By now, most high school seniors should have completed the college application process and will begin receiving financial aid award letters. Seniors and their parents should compare those letters to find the one that offers the best financial aid package, the Kentucky Higher Education Assistance Authority (KHEAA) advises.
The letter will usually show the total cost of attendance — what it costs to go to that school for one school year, including tuition, fees, room, meals, books, supplies, transportation and personal expenses.
It may also show how much the student’s family is expected to pay toward those costs, the expected family contribution (EFC). The EFC is subtracted from the total cost of attendance to get a student’s financial need. The letter will then list various sources of financial aid offered to pay for the costs not covered by the EFC. Students can accept or reject any or all of those proposed sources.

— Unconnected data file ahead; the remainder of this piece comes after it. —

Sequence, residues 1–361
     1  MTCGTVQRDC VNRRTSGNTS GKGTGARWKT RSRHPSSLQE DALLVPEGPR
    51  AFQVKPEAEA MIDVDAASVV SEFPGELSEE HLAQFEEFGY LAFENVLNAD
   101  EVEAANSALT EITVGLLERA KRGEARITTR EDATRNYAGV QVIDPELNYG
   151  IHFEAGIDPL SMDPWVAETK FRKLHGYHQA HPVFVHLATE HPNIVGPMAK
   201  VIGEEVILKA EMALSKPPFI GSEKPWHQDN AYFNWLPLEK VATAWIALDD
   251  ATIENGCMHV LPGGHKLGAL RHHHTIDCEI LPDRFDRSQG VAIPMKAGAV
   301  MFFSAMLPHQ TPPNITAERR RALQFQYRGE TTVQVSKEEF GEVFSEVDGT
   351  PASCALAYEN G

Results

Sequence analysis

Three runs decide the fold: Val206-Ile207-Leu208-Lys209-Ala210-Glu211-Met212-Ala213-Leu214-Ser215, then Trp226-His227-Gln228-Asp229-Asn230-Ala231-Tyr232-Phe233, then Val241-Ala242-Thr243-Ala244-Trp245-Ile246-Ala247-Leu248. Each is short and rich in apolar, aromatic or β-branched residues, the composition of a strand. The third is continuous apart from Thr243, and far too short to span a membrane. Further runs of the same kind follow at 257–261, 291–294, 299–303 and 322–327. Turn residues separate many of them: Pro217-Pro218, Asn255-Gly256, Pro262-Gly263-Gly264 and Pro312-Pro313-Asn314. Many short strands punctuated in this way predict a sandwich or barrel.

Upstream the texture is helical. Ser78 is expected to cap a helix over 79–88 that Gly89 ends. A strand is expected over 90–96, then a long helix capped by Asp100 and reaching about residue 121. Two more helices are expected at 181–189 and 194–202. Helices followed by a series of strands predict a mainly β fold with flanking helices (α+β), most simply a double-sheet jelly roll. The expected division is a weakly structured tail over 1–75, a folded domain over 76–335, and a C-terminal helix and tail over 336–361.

One consideration is how much of the aid being offered is in federal student loans, which will have to be paid back after a student finishes school. If the package includes federal loans and isn’t enough to pay all expenses, students may be looking at a private education loan. Comparison shopping is a must in that case.
KHEAA is the state agency that administers Kentucky’s student financial aid programs, including the Kentucky Educational Excellence Scholarship (KEES).
To find links to other useful education websites, go to www.gotocollege.ky.gov. For more information about Kentucky scholarships and grants, visit www.kheaa.com; write KHEAA, P.O. Box 798, Frankfort, KY 40602; or call 800-928-8926, ext. 6-7372.